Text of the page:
“But I am already deep in it. We have been together for a year now, but I dread the moment you will say goodbye,” Tichada maintained his serious tone.

“You speak not the words. Your madness speaks out for you. Why would I say goodbye?” Whitney said light-heartedly.

“Then let us marry,” Tichada said.

 

 

They came to a decorated place upon which flowers had been planted to spell “WELCOME TO MUTARE”.

They alighted from the taxi and the driver drove back to MUTARE. They allowed the artifices of the human hand to take them in as they beheld the flowers that welcomed them not to the city they knew so well, but to the new world of their consenting hearts.

Tichada and Whitney exchanged their vows upon the mountain. The confessions of constant hearts were made airborne, away from the crowd of witnesses that characterised the old tradition.

“Are we not husband and wife now?” Whitney asked.

“We are, but what is left is the involvement of our parents.”

The great day came and Whitney was presented to Tichada, clad in a white cloud of foaming lace. But when it came to the signing of the nuptials, Whitney presented herself as Martha Tarwiwa, and her identity card said the same.

 

 

It was the first small surprise in their relationship and Tichada did not want to make a big issue out of it. He had asked for the formalisation of their relationship so why worry now?

Whitney and Tichada did not drive in the same vehicle to the five star hotel for their honeymoon. His in-laws had insisted that the separate journeys were symbolic of the life to come. Husband and wife do not always share the same space, but there was always a fixed meeting point.

When Tichada came to the hotel, he was ushered to his hotel room by a charming young hotel attendant. When he got into the room a woman leapt into his arms, as exquisitely composed as Whitney, but a little taller and lighter in complexion.

At first Tichada thought that it was the red and purple glow of the lights of the room that were deceiving him. But the scent her body exuded was not Whitney’s. He freed his body from her embrace and turned on the normal lights and the red and purple lights automatically switched off.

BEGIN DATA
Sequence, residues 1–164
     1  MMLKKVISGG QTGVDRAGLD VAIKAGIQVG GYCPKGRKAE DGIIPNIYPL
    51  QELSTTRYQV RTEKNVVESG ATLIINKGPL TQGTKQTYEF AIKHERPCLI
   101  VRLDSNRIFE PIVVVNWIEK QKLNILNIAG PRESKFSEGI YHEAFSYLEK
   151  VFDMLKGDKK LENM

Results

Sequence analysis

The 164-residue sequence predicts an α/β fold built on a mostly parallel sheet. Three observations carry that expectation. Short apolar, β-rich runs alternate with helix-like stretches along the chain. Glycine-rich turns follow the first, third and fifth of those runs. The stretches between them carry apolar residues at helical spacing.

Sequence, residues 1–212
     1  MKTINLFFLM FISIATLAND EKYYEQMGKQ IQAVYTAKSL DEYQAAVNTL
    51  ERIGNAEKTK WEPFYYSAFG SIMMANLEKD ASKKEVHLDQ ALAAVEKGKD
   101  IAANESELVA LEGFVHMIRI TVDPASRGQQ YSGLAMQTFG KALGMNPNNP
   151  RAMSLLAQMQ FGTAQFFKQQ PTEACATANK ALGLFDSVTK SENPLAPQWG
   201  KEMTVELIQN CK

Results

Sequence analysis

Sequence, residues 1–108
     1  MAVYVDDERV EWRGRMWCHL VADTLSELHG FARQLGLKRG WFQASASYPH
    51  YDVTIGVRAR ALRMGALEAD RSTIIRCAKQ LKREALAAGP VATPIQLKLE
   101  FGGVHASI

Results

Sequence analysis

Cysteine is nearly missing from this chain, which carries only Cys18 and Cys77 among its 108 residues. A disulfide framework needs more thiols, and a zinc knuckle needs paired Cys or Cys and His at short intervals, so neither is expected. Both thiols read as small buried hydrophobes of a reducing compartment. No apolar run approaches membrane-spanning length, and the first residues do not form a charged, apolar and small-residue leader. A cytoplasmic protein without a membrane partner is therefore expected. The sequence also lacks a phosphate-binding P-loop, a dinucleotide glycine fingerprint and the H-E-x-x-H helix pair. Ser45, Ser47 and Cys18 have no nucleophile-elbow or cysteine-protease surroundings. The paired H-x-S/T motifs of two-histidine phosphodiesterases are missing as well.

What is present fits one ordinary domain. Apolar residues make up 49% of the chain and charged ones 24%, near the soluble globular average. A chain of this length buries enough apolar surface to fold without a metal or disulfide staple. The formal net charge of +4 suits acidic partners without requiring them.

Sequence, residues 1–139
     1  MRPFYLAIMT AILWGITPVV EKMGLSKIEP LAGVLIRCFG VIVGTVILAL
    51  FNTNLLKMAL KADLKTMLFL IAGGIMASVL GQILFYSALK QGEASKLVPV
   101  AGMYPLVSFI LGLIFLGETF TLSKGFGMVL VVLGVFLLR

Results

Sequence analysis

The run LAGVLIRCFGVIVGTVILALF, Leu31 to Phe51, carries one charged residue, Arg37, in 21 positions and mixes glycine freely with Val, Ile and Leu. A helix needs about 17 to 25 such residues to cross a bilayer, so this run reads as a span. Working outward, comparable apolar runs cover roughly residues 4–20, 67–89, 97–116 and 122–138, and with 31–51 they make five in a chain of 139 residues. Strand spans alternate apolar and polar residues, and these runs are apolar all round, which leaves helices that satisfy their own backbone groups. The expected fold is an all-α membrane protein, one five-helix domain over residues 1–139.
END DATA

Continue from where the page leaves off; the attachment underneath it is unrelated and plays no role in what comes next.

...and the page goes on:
Once again the Whitney-like woman locked him into her embrace. “I know you are surprised, shocked even, “ Tichada’s real wife finally spoke, “I am Whitney’s younger…”

“Martha,” Tichada interrupted. “This is a scandal. I will take court action.”

“You need to listen a little sweetheart. Whitney is terminally ill. She is anemic and her red cell count often drops drastically. She goes for blood transfusion every four months,” Martha explained.

“But that is no reason for you to snatch her husband, “ Tichada said angrily.

“When you proposed marriage to her, she immediately told me that she had found a good man for me. We are very close and hide nothing from each other. She never wanted the man she loved so much to become a widower within a year or two,” Martha explained, the wetness in her voice betraying the pain she felt for her sister.

“How about the things I did with her?” Tichada asked not sure if he was feeling sorry for Martha or Whitney.

 

 

“You will do with me,” Martha said. “In this country, there was a tradition, now defunct, of giving away the wife’s younger sister to her brother in-law when her sister passed on. My sister has done that in anticipation, with my parents’ blessing.”

Tichada did not need to ask “how about mine”. He went back to the switch and turned on the red and purple lights. If he truly loved Whitney, he needed to acknowledge her gift. After all his experience was different from that of Jacob with Leah. Martha was her sister’s twin beauty.

Back to the funeral, Whitney was transported from her parents’ Darlington residence to Yeovil Cemetery in the late afternoon. Tichada had visited Martha in hospital before the convoy of cars left Darlington for Yeovil. Her condition was much better.

A few hours after Whitney’s burial, Tichada received a call from the hospital. His marriage had been blessed with a baby girl.

“Call her Whitney,” he replied.

 

Nhamo Muchagumisa is an English Language and Literature teacher, and he writes from Odzi. He writes in his own capacity and can be contacted on +263771271478 Email him at: muchagumisan@gmail.com